The post-war years—assuming the war actually ends for those that lived through it —were a time of turmoil and productivity for Gedő. The years 1945-1949 are now regarded as her artistic zenith, and the drawings from that era make up the majority of her centennial exhibition. It was a time when her self-portraits became liberated from the constraints of realism.
When a new level of psychological depth and dramatic tension were achieved, not through her facial depictions, which were increasingly erased, but through her lines: long, loose, febrile, trembling, exquisitely sensitive lines. Stylistically reminiscent of Alberto Giacometti – whose work she would only come to know decades later – these drawings often eschewed traditional notions of portraiture. In some, Gedő experimented with role play by disguising herself in hats and scarves, obscuring her gender and age. In others, she is by turns determined, feminine, pensive, headless, pregnant and nakedly traumatized. Her hands are especially expressive. Note the tension in her fingers. In her pregnant self-portraits of 1947, the absence/erasure of her face implies an ambivalence towards becoming a mother. Her diary entries from this time attest to her struggle to reconcile motherhood with being an artist. Two years later Gedő would plunge into radical silence, ceasing all artistic activity for 16 years.
The hardest aspect of discovering Gedő’s work is understanding those 16 years. To me, her choice, and all of the attendant grief it surely came with, was akin to self-harm. Long, lonely, sustained self-harm. When I don’t write I feel unmoored, shapeless, dead on the inside. So, why did she do it? In order to raise her family? Not quite. Trauma from the war? Perhaps in part. Artistically lost? Now we’re getting warm.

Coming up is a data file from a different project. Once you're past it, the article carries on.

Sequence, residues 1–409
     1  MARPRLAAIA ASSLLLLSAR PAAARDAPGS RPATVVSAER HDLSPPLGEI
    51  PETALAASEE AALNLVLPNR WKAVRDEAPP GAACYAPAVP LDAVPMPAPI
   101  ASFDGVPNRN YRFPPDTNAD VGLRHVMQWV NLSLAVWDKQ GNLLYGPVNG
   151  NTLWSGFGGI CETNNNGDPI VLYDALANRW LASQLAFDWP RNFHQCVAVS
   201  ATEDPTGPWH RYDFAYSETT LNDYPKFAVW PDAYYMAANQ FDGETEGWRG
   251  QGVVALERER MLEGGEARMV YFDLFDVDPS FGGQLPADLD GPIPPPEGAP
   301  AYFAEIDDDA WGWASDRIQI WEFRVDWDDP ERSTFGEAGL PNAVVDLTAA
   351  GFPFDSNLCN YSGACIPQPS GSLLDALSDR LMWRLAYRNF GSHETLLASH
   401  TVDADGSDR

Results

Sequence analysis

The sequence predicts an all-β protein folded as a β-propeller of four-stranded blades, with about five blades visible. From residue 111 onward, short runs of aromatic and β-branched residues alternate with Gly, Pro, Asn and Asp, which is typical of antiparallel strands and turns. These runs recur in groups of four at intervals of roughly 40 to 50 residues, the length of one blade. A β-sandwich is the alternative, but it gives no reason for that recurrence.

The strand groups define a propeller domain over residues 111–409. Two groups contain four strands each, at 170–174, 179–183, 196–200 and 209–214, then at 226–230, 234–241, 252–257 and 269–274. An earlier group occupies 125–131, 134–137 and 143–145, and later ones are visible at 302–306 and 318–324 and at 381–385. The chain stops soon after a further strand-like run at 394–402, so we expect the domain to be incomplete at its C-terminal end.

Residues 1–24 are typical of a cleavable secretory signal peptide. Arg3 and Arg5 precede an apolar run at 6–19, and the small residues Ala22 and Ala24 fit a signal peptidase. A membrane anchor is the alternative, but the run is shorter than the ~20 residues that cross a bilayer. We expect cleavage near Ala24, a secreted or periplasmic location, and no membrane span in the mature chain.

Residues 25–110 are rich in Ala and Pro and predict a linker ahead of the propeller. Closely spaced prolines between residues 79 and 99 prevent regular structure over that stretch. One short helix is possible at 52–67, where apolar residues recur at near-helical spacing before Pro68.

In post-war Hungary, the choices for an artist were pretty stark. Make art that glorifies Communism and the Party, or become invisible. Gedő chose the latter, as many other non-conformist artists did. There was however one other choice, and that was to become part of the small, but rich circles of underground artists and intellectuals, a world to which she was connected through her husband Endre Biró, the famous biochemist, who was involved with the underground intellectuals. But Gedő felt strongly that she didn’t belong there either, and although it was never formally stated, perhaps the feeling was mutual? In the simplest of terms, the post-war Budapest underground art world was mostly comprised of abstract artists and surrealists. Gedő was neither.
Her art was predominantly figurative, and in its late-life reincarnation, it was most closely associated with expressionism, with intense color poetry and highly technical brushwork. Even then she never entirely abandoned figuration. She saw no need for it. She was not interested in abstraction.
Here’s Kafka from a 1921 diary entry (referenced in “The Art of Ilka Gedő”, István Hajdu & Dávid Biró, Gondolat Publishers, Budapest, 2003):